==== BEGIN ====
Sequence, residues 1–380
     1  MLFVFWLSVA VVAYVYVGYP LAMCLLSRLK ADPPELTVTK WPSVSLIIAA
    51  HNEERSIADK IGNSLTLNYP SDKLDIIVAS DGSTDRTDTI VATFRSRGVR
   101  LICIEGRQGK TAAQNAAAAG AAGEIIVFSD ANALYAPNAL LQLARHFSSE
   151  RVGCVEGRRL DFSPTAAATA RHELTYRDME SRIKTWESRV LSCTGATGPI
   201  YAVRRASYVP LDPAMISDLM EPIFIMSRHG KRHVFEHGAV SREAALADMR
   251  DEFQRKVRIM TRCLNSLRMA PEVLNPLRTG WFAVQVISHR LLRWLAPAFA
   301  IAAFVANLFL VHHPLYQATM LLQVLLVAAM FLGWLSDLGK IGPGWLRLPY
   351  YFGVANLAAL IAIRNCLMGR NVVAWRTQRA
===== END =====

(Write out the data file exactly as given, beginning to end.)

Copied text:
Sequence, residues 1–380
     1  MLFVFWLSVA VVAYVYVGYP LAMCLLSRLK ADPPELTVTK WPSVSLIIAA
    51  HNEERSIADK IGNSLTLNYP SDKLDIIVAS DGSTDRTDTI VATFRSRGVR
   101  LICIEGRQGK TAAQNAAAAG AAGEIIVFSD ANALYAPNAL LQLARHFSSE
   151  RVGCVEGRRL DFSPTAAATA RHELTYRDME SRIKTWESRV LSCTGATGPI
   201  YAVRRASYVP LDPAMISDLM EPIFIMSRHG KRHVFEHGAV SREAALADMR
   251  DEFQRKVRIM TRCLNSLRMA PEVLNPLRTG WFAVQVISHR LLRWLAPAFA
   301  IAAFVANLFL VHHPLYQATM LLQVLLVAAM FLGWLSDLGK IGPGWLRLPY
   351  YFGVANLAAL IAIRNCLMGR NVVAWRTQRA